- Siemens published its LA City Performance Tool Report on Tuesday, analyzing the steps the city must take to achieve its Sustainable City pLAn of reducing greenhouse gas emissions (GHGs) 60% by 2035 and 80% by 2050.
- The report found, in order to achieve these goals, the city must focus on transitioning to 100% renewable electricity and 45% passenger travel by transit and active transport (such as biking or walking) by 2050.
- Siemens notes these goals are achievable through the investment in and implementation of 11 transportation technologies: electric cars, reduced headway on Metro, new lines on Metro, e-highways, electric car-sharing, congestion charging, high-occupancy toll lanes, electric buses, new electric bus rapid transit lines, e-ticketing on public transportation and intelligent traffic light management.
Today, Los Angeles reports a use of 33% renewable energy and 14% transit and active transport, making the city's 2050 goals fairly aggressive. While the city was able to reduce its GHG emissions by 20% from 1990 to 2013, efforts for continued reductions are growing increasingly challenging as the city's population approaches 4 million people.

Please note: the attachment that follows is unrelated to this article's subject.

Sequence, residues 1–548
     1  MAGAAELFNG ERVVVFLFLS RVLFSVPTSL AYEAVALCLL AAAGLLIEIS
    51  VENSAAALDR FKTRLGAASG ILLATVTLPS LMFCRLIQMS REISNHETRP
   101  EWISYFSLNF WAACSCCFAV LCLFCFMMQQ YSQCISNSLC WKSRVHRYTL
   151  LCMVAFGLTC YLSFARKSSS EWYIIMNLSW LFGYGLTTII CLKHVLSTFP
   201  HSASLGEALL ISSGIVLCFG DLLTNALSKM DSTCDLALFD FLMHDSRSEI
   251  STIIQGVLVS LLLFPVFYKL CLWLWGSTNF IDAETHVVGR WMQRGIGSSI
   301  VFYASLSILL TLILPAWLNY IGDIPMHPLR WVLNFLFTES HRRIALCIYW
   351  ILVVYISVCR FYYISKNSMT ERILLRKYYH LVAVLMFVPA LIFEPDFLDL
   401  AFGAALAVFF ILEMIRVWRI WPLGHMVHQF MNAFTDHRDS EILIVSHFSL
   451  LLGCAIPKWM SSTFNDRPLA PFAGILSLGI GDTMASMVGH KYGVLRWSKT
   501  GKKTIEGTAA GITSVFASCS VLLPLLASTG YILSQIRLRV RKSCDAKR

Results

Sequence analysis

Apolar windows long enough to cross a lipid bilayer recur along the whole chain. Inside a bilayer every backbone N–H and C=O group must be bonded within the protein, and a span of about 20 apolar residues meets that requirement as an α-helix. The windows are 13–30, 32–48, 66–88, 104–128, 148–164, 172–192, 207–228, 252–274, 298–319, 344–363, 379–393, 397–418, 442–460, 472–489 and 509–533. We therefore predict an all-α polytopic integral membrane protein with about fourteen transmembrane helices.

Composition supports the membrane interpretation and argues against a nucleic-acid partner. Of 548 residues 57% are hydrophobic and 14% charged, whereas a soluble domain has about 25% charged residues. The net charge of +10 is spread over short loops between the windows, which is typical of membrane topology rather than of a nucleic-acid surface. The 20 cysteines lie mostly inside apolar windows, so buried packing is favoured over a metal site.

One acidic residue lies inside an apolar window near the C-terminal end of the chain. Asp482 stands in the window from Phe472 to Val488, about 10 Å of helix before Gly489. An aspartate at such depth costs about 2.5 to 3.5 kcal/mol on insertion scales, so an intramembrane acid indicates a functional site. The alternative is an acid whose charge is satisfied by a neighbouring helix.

One of the most challenging aspects of these targets will be the reduction of citywide car usage from 86% to 54.5% by 2050. In February, Los Angeles topped the Inrix annual list of the world's most gridlocked cities for the sixth year, noting that the average driver spends 102 hours in traffic during peak hours in the city. Los Angeles' transit and active transport target calls for a significant increase in metro rail and bus usage to alleviate car dependency, but the city will need to work diligently to promote and incentivize these services in order to draw in more passengers.
For Los Angeles to reach 100% renewables, the Los Angeles Department of Water and Power (LADWP) will need to reassess how it operates. Spencer Fields, Synapse Energy Economics associate, told sister publication Utility Dive that reaching 100% renewables "does not require any more renewable generating capacity [in Los Angeles] ... They just need to adjust to a new system operating paradigm."
While the success of these targets in Los Angeles remains to be seen, multinational conglomerate Siemens is staying active in the smart cities space. The company has ran similar sustainability target tests on cities like Minneapolis and Charlotte, NC, and has also worked on various data-driven transportation initiatives and blockchain projects.